Myron Gutmann on Data Access

The UVa Digital Humanities Speaker Series presents:

Myron Gutmann on “Data Access for Research and Teaching in the Twenty-First Century”

Friday, May 6
4:00pm (reception follows)
Monroe Hall, Room 120

This talk is co-sponsored by IATH, SHANTI, the Scholars’ Lab, and the College of Arts & Sciences Quantitative Collaborative Lecture Series

Abstract:

The scientific community is facing new opportunities and new requirements in the ways that data are managed and made available for future research. The biggest change that we see is the dramatic increase in the volume of data produced by observations, experiments, and simulations, which has turned what was already a steady stream of data into a flood. That rising tide of data is being shared by research networks that span the globe, calling for new infrastructure and new architectures that will allow researchers to make use of data from around the world and engage in new long-distance collaborations. These new collaborations now mostly involve researchers, but the availability of new forms of data and the creation of new mechanisms for sharing those data make it possible to expand access in a meaningful way to students and citizen scientists. At the same time, policy makers are moving forward rapidly to require that data from publicly-financed research projects be shared with other researchers, while they simultaneously concern themselves with protecting the privacy and confidentiality of human research subjects. This presentation will discuss these changes in the data preservation and sharing environment, especially as they relate to data for the social, behavioral and economic sciences, and suggest ways that all the potential stakeholders in the process — funding agencies, universities, data archives, libraries, researchers, teachers, and students can work together in the future to get the most out of our data investments.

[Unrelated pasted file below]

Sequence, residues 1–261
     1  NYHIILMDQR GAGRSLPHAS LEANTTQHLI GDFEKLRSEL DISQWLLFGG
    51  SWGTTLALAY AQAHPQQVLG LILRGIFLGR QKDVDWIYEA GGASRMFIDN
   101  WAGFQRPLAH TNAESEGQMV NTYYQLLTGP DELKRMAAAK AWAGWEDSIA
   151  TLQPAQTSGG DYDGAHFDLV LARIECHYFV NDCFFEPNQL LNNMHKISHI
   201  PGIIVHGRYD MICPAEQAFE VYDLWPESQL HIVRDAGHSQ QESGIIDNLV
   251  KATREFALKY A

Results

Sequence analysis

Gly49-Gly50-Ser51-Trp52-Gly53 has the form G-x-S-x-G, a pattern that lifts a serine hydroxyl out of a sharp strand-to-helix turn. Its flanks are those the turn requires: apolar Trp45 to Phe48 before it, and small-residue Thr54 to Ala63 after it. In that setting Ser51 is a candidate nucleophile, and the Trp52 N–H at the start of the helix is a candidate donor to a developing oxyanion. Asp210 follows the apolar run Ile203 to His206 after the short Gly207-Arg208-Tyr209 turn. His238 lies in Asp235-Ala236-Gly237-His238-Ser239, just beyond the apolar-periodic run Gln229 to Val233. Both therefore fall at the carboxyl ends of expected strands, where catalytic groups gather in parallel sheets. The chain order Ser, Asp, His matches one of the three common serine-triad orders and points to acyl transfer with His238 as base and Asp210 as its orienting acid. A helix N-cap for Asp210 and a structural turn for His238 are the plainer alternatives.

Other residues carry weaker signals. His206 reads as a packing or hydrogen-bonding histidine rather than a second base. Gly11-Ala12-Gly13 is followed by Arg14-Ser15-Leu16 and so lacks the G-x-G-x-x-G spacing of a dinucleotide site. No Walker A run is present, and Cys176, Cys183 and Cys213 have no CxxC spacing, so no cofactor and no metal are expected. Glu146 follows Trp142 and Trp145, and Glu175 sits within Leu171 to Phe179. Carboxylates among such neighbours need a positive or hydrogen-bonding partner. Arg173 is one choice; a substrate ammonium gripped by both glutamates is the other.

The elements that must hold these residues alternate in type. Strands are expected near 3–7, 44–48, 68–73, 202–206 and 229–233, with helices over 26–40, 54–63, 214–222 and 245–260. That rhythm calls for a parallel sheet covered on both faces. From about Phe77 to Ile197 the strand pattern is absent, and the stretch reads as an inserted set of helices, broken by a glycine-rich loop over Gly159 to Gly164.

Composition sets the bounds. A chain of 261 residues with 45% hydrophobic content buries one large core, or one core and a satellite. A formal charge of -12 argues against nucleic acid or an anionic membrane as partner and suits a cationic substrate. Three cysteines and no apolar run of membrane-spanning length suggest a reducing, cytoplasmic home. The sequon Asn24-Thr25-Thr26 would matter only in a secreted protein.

Myron Gutmann is Head of the National Science Foundation’s Social, Behavioral & Economics Directorate and Professor in the Department of History at the University of Michigan.

2 Comments

  1. Hi, do you know if this talk will be recorded in some way? thanks.

    • Hello Arno,

      We did record Professor Gutmann’s talk. We hope to have the podcast available very soon, and will create a blog post when it can be downloaded. Thanks!

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